After eating lunch in the National Gallery (museum food is excellent in London), we walked past Charing Cross down to the Thames and across the bridge. We sauntered along the embankment, past the London Eye and enjoyed watching street performers. There was a very happy, celebratory crowd along the embankment, as Sunday was apparently the official day to celebrate St. Patrick's. Like typical tourists, we took a dozen shots of Big Ben and the Houses of Parliament as we crossed back over the Thames.

From the embankment, we headed back on the tube to Knightsbridge and went to the Saatchi Gallery, which was recommended to me by a Twitter friend when I asked for recommendations to keep us occupied in the Knightsbridge area. We are officially in love with the Saatchi Gallery. It's a bright, cheerful, funky place. I hope you can enlarge this photo to see the look on the face of the man in the green shirt:

We walked through Partridge's of Sloane Square (a very pretty little grocery store) and sat in the Duke of York Square, watching small children on scooters and enjoying the atmosphere before heading back to the flat for a rest.

In the evening, we took a walk to the Royal Albert Hall to orient ourselves, since we were going to a concert at the Royal Albert, later on. It's a beautiful building, all lit up at night, isn't it?

We discovered we'd taken a longer route than necessary and returned to the flat a different way. Either way, the Royal Albert was just a 15- to 20-minute walk. Not bad at all. On the way back to the flat, we stopped to pick up dinner at a local grocery store.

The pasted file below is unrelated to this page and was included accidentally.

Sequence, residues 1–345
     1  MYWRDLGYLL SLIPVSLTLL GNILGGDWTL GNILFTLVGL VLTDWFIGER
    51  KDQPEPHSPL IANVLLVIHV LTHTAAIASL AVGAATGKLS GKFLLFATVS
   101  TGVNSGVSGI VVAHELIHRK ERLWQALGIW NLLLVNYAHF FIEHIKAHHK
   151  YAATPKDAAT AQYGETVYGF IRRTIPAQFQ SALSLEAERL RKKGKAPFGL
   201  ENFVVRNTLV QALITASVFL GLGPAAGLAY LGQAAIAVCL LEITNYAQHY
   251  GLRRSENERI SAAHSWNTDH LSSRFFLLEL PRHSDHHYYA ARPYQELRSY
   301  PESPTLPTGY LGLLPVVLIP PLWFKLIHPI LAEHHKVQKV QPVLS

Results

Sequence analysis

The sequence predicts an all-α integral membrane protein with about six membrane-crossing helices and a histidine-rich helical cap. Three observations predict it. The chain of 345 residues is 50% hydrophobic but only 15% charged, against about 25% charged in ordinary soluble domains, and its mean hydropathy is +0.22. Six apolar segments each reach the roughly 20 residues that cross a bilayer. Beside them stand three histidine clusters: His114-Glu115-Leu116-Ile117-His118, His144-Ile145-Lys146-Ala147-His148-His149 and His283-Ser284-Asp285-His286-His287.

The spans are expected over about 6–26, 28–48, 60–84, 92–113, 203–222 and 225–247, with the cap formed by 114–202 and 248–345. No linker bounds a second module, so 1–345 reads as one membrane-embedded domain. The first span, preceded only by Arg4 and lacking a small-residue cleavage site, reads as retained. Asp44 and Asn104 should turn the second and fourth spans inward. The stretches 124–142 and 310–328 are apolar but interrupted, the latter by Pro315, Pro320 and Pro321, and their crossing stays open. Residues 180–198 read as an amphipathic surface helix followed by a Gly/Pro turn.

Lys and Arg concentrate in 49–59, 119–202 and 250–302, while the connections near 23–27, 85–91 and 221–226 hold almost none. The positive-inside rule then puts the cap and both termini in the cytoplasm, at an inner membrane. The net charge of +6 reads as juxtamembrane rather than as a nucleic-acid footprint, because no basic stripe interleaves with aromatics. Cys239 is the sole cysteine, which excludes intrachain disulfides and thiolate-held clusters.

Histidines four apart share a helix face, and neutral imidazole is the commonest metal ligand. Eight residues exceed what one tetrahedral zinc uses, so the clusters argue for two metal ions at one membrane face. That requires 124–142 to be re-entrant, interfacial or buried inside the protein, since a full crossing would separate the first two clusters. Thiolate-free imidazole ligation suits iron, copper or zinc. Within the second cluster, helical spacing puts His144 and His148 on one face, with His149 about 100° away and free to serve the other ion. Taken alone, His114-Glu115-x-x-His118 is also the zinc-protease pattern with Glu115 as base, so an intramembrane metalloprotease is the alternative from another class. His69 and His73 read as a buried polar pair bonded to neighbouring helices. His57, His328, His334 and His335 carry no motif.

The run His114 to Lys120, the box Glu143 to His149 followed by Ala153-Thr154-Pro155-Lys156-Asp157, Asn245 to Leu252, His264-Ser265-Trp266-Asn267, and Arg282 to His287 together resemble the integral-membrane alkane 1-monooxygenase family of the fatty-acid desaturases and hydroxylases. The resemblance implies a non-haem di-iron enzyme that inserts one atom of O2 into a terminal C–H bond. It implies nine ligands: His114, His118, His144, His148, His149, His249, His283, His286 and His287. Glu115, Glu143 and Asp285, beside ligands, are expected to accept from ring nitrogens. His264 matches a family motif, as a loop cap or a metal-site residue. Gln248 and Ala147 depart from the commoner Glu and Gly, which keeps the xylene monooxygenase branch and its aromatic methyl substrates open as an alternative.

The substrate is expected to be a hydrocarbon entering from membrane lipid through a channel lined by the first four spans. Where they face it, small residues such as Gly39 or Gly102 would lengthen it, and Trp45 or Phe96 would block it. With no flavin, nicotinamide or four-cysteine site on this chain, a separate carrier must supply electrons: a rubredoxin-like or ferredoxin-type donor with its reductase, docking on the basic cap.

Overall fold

We've seen the pre-made, easy-cook dinners they carry in English grocery stores, in the past, but haven't stayed in a place with an oven. So, it was really a treat to choose our evening meals, each day. On the first night, we had a lamb pie with squash casserole and salad. The second night, we chose this "Salmon and Brie en Croute," which we paired with a mushroom risotto that was out of this world.

Oh, my goodness that was heavenly. Why don't we have meals that taste home-cooked like this in our grocery stores? It was amazing. For breakfast each day, we had gluten-free meusli with milk from "only pure Jersey or Guernsey cows" and apricot yogurt, most days, which also had me wondering what on earth we do to our American cows. The difference in milk products between here and the UK is astounding.

By the time we'd eaten dinner, we were pretty much wiped out, although it was still fairly early. I read a bit of Kitty Cornered before caving in. I found that I was able to relax and read in the flat in a way that I'm seldom able to do in a hotel room, which was obviously a big bonus! More about our travels in a couple days.